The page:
Black Garlic and Late Night SnackingNovember 18, 2010 Written by JP [Font too small?]
It’s been an interesting week on Twitter. As always, I discovered a broad array of health information that expanded my knowledge base. Today’s blog highlights three of the numerous interesting tweets. The first item is inspired by Dr. William Yates. He takes on the important topic of stroke-related depression. Next, a visit with Dr. Jonny Bowden and one his colleagues, Colette Heimowitz, M.Sc, to review some timely advice about how to minimize nighttime snacking. Finally, Dr. Andrew Weil explains the differences and similarities between black and fresh garlic.
Post-stroke depression is a predictor of long term survival after an acute stroke. A recent review determined that stroke patients with depression and executive dysfunction had a median survival time of about 6.6 years vs. 10.3 years in those without this set of symptoms. Thankfully, a new study from the School of Psychiatry and Clinical Neurosciences at the University of Western Australia reports that B-vitamin supplementation may reduce the risk of stroke-related depression. The use of 2 mg of folic acid, 25 mg of Vitamin B6 and 500 mcg of Vitamin B12 daily lowered the hazard ratio of major and minor depression in a group of 273 stroke patients. The study in question used a double-blind, placebo-controlled, randomized design and had an average follow up time of 7.1 years. (1,2,3)
I work with many clients who are trying to lose weight. One of the most challenging aspects is limiting late night eating. Here’s a practical list of strategies that may help to accomplish this end:
- Eat meals that are rich in dietary fiber, healthy fats and protein during the day. A hearty breakfast is especially important
- If you “have to” snack on something, choose a crunchy yet nutritious snack, such as celery with almond butter or organic nuts.
- Drink plenty of non-caloric beverages throughout the day and before meals and snacks. Warm drinks may calm cravings and stress.
- Stay busy. Occupy yourself with engaging activities. The busier you are, the less likely you are to focus on non-essential hunger.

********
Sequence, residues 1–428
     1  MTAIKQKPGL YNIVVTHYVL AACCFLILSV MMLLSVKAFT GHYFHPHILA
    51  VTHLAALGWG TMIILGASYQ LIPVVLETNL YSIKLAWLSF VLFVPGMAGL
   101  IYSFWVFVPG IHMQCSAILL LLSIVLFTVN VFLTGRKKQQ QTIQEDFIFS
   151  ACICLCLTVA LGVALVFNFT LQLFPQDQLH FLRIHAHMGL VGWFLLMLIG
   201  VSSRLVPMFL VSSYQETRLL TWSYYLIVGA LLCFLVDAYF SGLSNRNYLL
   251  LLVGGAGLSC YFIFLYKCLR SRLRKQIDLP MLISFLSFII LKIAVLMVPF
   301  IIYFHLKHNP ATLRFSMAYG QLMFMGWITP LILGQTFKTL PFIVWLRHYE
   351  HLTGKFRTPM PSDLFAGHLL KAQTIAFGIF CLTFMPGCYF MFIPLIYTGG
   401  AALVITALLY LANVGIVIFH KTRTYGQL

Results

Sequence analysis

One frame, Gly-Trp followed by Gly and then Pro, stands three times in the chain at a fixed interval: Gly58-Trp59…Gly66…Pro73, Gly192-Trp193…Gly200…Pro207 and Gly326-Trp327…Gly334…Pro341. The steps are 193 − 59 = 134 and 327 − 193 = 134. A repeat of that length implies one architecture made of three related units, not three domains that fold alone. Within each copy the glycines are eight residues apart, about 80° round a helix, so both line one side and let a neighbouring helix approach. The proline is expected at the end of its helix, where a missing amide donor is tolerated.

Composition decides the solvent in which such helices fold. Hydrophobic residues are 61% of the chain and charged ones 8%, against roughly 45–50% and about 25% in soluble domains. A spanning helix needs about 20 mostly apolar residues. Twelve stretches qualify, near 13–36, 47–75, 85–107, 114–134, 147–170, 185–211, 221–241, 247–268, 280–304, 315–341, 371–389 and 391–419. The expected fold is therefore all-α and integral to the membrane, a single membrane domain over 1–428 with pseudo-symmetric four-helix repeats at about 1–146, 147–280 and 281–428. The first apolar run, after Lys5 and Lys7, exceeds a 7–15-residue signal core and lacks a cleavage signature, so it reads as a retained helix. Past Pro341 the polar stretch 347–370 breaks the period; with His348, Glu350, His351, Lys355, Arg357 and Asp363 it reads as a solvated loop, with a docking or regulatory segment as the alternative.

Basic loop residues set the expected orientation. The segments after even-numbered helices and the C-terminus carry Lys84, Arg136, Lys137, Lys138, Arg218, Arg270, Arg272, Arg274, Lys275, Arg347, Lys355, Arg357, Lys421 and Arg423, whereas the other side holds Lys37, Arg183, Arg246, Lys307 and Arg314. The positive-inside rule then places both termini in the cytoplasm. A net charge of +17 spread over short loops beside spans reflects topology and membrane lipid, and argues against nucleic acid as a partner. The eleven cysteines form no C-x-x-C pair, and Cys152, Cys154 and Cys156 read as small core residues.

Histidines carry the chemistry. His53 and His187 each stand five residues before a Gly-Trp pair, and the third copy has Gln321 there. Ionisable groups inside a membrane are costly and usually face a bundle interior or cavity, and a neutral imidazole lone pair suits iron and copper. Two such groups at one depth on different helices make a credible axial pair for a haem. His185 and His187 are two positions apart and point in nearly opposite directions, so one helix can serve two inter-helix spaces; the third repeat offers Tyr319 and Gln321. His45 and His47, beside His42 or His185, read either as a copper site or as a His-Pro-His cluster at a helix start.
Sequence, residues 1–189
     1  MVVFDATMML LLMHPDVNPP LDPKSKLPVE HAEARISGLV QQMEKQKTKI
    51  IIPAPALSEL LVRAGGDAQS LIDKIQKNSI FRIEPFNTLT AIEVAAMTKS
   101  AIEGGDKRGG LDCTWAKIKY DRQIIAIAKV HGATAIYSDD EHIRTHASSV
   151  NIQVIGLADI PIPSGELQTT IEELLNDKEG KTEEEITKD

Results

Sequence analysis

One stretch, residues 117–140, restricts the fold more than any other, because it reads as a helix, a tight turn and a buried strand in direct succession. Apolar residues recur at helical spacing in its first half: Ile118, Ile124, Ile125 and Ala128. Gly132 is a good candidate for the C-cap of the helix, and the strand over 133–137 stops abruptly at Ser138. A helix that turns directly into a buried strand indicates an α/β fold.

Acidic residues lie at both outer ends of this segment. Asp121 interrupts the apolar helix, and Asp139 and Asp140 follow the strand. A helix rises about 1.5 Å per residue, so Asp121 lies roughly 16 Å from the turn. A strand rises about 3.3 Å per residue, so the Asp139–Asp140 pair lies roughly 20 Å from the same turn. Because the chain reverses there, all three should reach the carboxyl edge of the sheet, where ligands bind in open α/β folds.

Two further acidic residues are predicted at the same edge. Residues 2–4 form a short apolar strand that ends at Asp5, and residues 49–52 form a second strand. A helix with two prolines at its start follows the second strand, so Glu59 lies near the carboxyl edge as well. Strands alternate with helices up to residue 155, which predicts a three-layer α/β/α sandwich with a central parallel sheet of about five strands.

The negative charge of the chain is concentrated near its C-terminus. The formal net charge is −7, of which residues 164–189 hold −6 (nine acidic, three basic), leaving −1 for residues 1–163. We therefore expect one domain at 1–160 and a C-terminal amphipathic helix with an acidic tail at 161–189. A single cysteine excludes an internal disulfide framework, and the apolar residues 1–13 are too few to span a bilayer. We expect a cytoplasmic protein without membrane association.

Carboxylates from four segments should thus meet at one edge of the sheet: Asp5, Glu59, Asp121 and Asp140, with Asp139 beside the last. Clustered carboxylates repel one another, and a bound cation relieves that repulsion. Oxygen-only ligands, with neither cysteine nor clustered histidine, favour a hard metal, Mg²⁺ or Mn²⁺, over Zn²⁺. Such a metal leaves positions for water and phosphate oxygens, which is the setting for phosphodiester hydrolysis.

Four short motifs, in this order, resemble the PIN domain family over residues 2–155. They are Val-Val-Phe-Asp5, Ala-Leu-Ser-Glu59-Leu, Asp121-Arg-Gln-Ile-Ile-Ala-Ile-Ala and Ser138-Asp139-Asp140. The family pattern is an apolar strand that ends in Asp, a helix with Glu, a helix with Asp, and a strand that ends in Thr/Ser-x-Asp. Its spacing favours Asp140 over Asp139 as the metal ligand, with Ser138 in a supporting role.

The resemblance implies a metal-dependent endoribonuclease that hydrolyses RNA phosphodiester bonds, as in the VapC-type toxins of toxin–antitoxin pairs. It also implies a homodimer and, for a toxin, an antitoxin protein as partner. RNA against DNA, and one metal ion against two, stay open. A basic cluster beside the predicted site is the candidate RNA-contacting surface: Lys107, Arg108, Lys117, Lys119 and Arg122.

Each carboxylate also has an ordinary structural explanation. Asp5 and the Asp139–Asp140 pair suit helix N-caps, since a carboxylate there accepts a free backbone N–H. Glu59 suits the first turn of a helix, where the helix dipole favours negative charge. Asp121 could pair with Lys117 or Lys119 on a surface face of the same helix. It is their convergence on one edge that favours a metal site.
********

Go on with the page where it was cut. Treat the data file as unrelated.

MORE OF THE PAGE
- Practice conscience eating. “Don’t take the food container to the couch. Instead, place a portion on a small plate and bring it with you.” (4,5,6)
Have you ever gone to a fancy or hip restaurant and spotted items on the menu that you’ve never heard of before? Black garlic may fall into this category for many people. In a current column, Dr. Andrew Weil describes this trendy condiment in the following manner: “Black garlic was introduced in Japan in 2005 and has also been used in Korea and Thailand. In the past few years, it has made a big hit with high-end chefs, who have been using it to flavor fish, chicken, and risotto”. I’ve never tried black garlic myself. But I was curious to see what’s been documented about it in the medical literature. Presently, there isn’t much hard evidence to differentiate this aged garlic from its fresh counterpart in terms of health benefits. A recent study in mice and in vitro suggests that black garlic may possess stronger antioxidant properties. Other preliminary research indicates potential for cardiovascular and diabetic health risks. But at the moment, it’s clear to me (and Dr. Weil) that more data is needed before widespread substitution of fresh garlic takes place. Time may even reveal that differences in the chemical composition of black garlic (a lack of alliin and allicin) may result in certain disadvantages. Just because they’re derived from the same bulb doesn’t mean they’re necessarily the same. (7,8,9,10,11)
You may have noticed that I’ve incorporated my Twitter feed into the upper right hand border of this site. I did so in order to share some of the additional content that many non-tweeters were missing out on. The messages I post on Twitter are completely different than what I publish here. They’re obviously much shorter, but I often tweet to support previous content that I’ve covered in more depth on this site. The bottom line is that my Twitter work is intended to complement what I do and will continue to do here. If you’re at all interested in participating with me on Twitter, please do so. I’ll gladly “follow you” and we can interact via that medium as well. But, if that’s not for you, you can now access much of the content directly from our home page.
Note: Please check out the “Comments & Updates” section of this blog – at the bottom of the page. You can find the latest research about this topic there!
Tags: B Vitamins, Garlic, Hunger
Posted in Diet and Weight Loss, Food and Drink, Heart Health